Community Shootaround

Community Shootaround: Best Team For Bradley Beal

High-scoring Wizards star Bradley Beal hasn’t issued a trade request yet, but a report this morning that he’s considering it has the rest of the league ready to pounce. Washington is in a precarious position with Beal, who can decline his $36.4MM player option next summer and become an unrestricted free agent.

Beal is said to be considering that the Wizards may start a rebuilding process if they decide to move him, which is no doubt why the report was leaked on the weekend before the draft. Beal would like to join a contender, and sources identified the Warriors, Celtics, Heat and Sixers as possible trade destinations.

Golden State is in the best position if Washington wants draft picks in return. The Warriors hold the No. 7 and No. 14 selections in this year’s lottery and may be willing to part with last year’s No. 2 pick, center James Wiseman, to get their hands on Beal, who is reportedly at the top of their wish list. Andrew Wiggins would likely have to be included to match salary.

In Boston, Beal would be able to unite with his close friend and fellow St. Louis native Jayson Tatum. Washington may ask for Jaylen Brown in return, but the Celtics would be reluctant to part with Brown when they can open enough cap space to sign Beal in 2022. Al Horford‘s $27MM salary would go a long way toward matching purposes, and he is only guaranteed $14.5MM for 2022/23 if he is released before the start of that season. Boston could load its offer with future picks and possibly arrange a sign-and-trade involving free agent guard Evan Fournier, who plays the same position as Beal.

The Heat are at a disadvantage when it comes to draft assets, not holding any picks this year and having future first-rounders tied up as a result of trading a protected 2023 pick. Miami has team options on Goran Dragic ($19.44MM) and Andre Iguodala ($15MM), who can both help with salary matching, but young assets such as Tyler Herro, Duncan Robinson and Kendrick Nunn may not be enough to interest the Wizards.

The Sixers would almost certainly have to move Ben Simmons in a trade for Beal, either to Washington or to someone else in a multi-team deal. Philadelphia is also low on draft assets, but throwing in young players such as Matisse Thybulle or Tyrese Maxey could appeal to Washington.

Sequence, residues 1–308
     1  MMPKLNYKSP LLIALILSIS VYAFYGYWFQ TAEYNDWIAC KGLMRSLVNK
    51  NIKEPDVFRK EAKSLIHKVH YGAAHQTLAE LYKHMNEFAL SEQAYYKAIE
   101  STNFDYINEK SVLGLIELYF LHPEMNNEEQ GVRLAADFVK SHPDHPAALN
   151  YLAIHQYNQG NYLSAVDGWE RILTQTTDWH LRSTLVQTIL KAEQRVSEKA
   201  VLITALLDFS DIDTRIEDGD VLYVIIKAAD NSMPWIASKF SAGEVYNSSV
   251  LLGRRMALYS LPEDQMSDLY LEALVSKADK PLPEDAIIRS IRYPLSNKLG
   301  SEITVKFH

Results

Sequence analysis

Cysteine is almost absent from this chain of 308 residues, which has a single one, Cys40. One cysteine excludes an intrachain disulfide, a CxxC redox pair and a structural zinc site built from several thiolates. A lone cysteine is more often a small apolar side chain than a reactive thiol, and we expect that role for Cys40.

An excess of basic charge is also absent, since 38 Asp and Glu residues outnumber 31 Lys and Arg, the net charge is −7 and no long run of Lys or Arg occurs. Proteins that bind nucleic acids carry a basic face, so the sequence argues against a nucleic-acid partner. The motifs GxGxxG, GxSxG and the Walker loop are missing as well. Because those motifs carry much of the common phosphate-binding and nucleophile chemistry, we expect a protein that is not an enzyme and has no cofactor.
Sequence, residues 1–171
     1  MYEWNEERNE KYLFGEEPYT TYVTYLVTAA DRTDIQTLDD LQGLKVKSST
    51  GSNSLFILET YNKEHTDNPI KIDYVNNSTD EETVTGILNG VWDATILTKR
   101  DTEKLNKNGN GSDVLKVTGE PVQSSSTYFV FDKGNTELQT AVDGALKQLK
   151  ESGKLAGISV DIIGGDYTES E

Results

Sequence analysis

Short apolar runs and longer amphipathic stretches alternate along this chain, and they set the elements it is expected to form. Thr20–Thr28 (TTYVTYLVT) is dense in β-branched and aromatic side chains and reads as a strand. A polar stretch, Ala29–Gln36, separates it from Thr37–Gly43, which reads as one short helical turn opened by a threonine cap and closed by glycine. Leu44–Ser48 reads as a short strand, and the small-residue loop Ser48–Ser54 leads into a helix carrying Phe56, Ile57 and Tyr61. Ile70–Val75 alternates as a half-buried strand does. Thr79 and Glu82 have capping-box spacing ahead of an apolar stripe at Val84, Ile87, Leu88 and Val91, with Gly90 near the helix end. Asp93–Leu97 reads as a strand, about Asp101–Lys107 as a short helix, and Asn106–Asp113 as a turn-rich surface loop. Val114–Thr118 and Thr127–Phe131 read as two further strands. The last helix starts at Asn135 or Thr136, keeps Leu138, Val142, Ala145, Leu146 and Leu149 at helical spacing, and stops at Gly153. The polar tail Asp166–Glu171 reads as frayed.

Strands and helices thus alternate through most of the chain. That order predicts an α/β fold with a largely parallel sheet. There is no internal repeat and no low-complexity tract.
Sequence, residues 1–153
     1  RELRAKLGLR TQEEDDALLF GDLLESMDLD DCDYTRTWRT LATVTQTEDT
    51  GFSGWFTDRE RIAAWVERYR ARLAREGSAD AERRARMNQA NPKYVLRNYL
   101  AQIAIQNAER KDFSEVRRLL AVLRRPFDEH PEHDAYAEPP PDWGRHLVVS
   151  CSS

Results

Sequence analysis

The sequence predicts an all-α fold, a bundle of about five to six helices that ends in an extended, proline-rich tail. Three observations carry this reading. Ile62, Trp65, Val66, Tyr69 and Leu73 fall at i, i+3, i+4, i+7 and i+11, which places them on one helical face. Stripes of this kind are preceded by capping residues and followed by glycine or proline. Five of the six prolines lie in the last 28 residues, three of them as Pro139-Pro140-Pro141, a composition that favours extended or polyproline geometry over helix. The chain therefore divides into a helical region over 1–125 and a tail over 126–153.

We want to get your input. Do you believe Beal will be moved this summer and where do you think he should go? Please leave your responses in the comments section.

Community Shootaround: Rockets’ No. 2 Pick

While Cade Cunningham is widely expected to be the first player drafted on July 29, there’s no established consensus about which prospect should be the second player off the board, making the Rockets‘ pick at No. 2 overall one of the most fascinating selections of the draft.

Essentially, there are three directions the Rockets could go. They could keep the pick, trade up to No. 1, or trade down.

Let’s start with the most straightforward – and probably the most likely – outcome: keeping the pick. Even in that scenario, the Rockets will face a difficult decision. You could make a legitimate case for Jalen Green, Evan Mobley, Jalen Suggs, and even Jonathan Kuminga to be the second player selected after Cunningham.

With a pick as high as No. 2, a rebuilding team should always take the best player available rather than focusing on fit. But if the Rockets like Mobley and one of the other top prospects about equally, perhaps concerns about Mobley’s potential fit alongside Christian Wood in the frontcourt push the needle toward the other player.

That “other player” seems most likely to be Green, who is currently projected as the Rockets’ pick in mock drafts by ESPN, Bleacher Report, The Ringer, and others. Of all the players in this year’s draft class, Green is the best bet to rank among the NBA’s leading scorers year-in and year-out, making him a logical choice to be a centerpiece of the rebuild in Houston, where the team traded longtime leading scorer James Harden earlier in the year.

While the Rockets may be happy to stand pat and nab Green or another promising young prospect, one recent report suggested the team has been “fixated” on Cunningham. Another story said Houston has been aggressive in its efforts to trade up to No. 1.

Obviously, the question of whether the Rockets “should” trade up to No. 1 depends in large part on the price. If it’s just a matter of adding the 23rd pick to the No. 2, then sure, that’s a no-brainer. But the cost figures to be much higher than that — in order to move up for a consensus top prospect like Cunningham, Houston would likely have to include an unprotected or lightly-protected future first-rounder in its offer in order to get Detroit’s attention.

If the Rockets really believe in Cunningham’s star potential, that price may be worth it — after all, following the Harden trade, the club has no shortage of future first-round selections to dangle in trade talks.